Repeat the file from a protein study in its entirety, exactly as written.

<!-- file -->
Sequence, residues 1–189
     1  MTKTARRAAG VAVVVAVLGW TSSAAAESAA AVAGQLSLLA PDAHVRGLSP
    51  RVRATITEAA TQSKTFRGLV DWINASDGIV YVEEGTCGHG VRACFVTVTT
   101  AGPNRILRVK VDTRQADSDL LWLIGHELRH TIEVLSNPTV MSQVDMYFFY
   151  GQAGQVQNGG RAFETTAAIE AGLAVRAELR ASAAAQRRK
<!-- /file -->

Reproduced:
Sequence, residues 1–189
     1  MTKTARRAAG VAVVVAVLGW TSSAAAESAA AVAGQLSLLA PDAHVRGLSP
    51  RVRATITEAA TQSKTFRGLV DWINASDGIV YVEEGTCGHG VRACFVTVTT
   101  AGPNRILRVK VDTRQADSDL LWLIGHELRH TIEVLSNPTV MSQVDMYFFY
   151  GQAGQVQNGG RAFETTAAIE AGLAVRAELR ASAAAQRRK